1 About that time Antioḵos came out of the country of Paras with dishonour;

2 for he had entered the city called Persepolis, and attempted to rob the temple and to hold the city; therefore the multitude running to defend themselves with their weapons put them to flight. And so it came to be, that Antioḵos being put to flight by the inhabitants returned with shame.

3 Now when he came to Aḥmetha, news was brought to him what had befallen Nikanor and Timotheos.

4 Then swelling with wrath, he thought to avenge upon the Yahuḏim the shame done to him by those that made him flee. Therefore he commanded his charioteer to drive without stopping, and to complete the journey, the judgment of Elohim now following him. For he had spoken proudly in this manner: that he would come to Yerushalayim and make it a common graveyard of the Yahuḏim.

5 But 𐤉𐤄𐤅𐤄 Almighty, the Elohim of Yisra’ĕl smote him with an incurable and invisible plague; for as soon as he had spoken these words, a pain of the bowels that was incurable came upon him and severe pain of the inner parts.

6 And that most righteously, for he had tortured other men’s inward parts with many and strange tortures.

7 However he did not cease at all from his boasting, but was still filled with pride, breathing out fire in his rage against the Yahuḏim and commanded to hasten the journey. But it came to be that he fell down from his chariot, dragged violently so that having a serious fall, all the members of his body were in severe pain.

8 And so he that shortly before thought he might command the waves of the sea – so proud was he beyond the condition of man – and weigh the high mountains in a balance, was now thrown to the ground and dragged in a chariot, showing to all the manifest power of Elohim.

9 Therefore the worms crawled out of the body of this wicked man, and while he lived in anguish and pain, his flesh rotted away and the filthiness of his smell was offensive to his whole army.

10 And the man that shortly before thought he could reach to the stars of the shamayim, no man could endure to carry for his intolerable stench.

11 Therefore being plagued, he began to diminish his great pride and to come to the knowledge of himself by the punishment of Elohim – his pain increasing every moment.

12 And when he could not stand his own smell himself, he spoke these words: “It is right to be subject to Elohim, and a man who is mortal should not think proudly of himself as if he were Elohim.”

13 This wicked person also vowed to 𐤉𐤄𐤅𐤄 who would no longer show favour to him, saying

14 that the qodesh city – to which he was going in haste to lay it level to the ground, and to make it a common graveyard – he would release.

15 And regarding the Yahuḏim – whom he had judged not worthy so much as to be buried, but to be thrown out with their children to be devoured by the birds and wild beasts – he would make them all equals to the citizens of Athĕnai.

16 And the qodesh Hĕyḵal, which he had previously plundered, he would embellish with costly gifts and restore all the qodesh utensils with many more, and out of his own revenue provide the charges pertaining to the offerings.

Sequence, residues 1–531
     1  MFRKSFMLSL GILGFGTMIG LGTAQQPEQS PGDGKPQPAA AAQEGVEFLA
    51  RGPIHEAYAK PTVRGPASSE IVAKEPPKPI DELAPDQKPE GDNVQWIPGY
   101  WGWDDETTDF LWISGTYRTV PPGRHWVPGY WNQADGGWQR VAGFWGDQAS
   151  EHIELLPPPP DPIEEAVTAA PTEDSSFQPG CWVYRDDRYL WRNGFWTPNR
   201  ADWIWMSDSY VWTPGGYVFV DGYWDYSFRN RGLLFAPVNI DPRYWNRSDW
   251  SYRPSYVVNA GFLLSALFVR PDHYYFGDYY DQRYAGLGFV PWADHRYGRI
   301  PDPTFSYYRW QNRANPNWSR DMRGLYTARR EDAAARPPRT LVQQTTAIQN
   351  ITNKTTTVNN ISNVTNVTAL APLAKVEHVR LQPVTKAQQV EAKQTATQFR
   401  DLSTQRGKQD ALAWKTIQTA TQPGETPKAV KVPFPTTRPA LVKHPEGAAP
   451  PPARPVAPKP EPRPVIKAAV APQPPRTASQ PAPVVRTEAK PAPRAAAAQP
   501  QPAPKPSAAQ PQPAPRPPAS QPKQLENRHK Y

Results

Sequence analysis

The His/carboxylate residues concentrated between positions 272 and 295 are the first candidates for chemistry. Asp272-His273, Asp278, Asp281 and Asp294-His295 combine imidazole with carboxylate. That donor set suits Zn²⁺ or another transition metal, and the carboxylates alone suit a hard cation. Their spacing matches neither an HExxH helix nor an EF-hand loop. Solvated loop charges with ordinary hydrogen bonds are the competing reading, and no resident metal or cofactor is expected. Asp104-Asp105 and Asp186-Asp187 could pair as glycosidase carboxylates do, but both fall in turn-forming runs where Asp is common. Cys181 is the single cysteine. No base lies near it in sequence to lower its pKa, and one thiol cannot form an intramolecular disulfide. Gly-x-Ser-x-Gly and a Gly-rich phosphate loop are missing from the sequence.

17 And that even he would also become a Yahuḏi himself and go through all the inhabited world and declare the power of Elohim.

18 But for all this, his agony would not cease; for the righteous judgment of Elohim had come upon him. Therefore in despair over his health, he wrote to the Yahuḏim the following letter containing the form of a plea, in this manner:

19 “Antioḵos, sovereign and governor, desires much joy, health and prosperity to his citizens the good Yahuḏim.

20 “If you and your children are well and your affairs are pleasing to you, I give very great thanks to Elohim, having my expectancy in the shamayim.

21 “As for me, I was weak, or else I would have remembered kindly your honour and kindness in returning from Paras. But being taken with a grievous disease, I thought it necessary to care for the common safety of all;

22 not distrusting my health, but having great expectancy to escape this sickness.

23 “But considering that even my father, at the time he led an army into the high countries appointed a successor,

24 so that if any thing fell out contrary to expectation, or if any news was brought that was grievous, those of the land, knowing to whom the state was left, might not be troubled.

25 “Also, considering that the bordering princes and neighbours of my reign wait for opportunities and expect what shall take place, I have appointed my son Antioḵos sovereign, whom I often entrusted and commended to many of you when I went up into the high provinces; to whom I have written as follows.

26 “Therefore please, I ask you to remember the service that I have done for you in general, and in special, and that every man will remain trustworthy to my son and I.

27 “For I am persuaded that he, understanding my mind will kindly and favourably render your desires.”

28 Thus the murderer and blasphemer having suffered most grievously, as he had treated other men, so he died a miserable death in a foreign country in the mountains.

29 And Philippos, who was brought up with him, carried away his body, who also fearing the son of Antioḵos went to Mitsrayim to Ptolemaeus Philometor.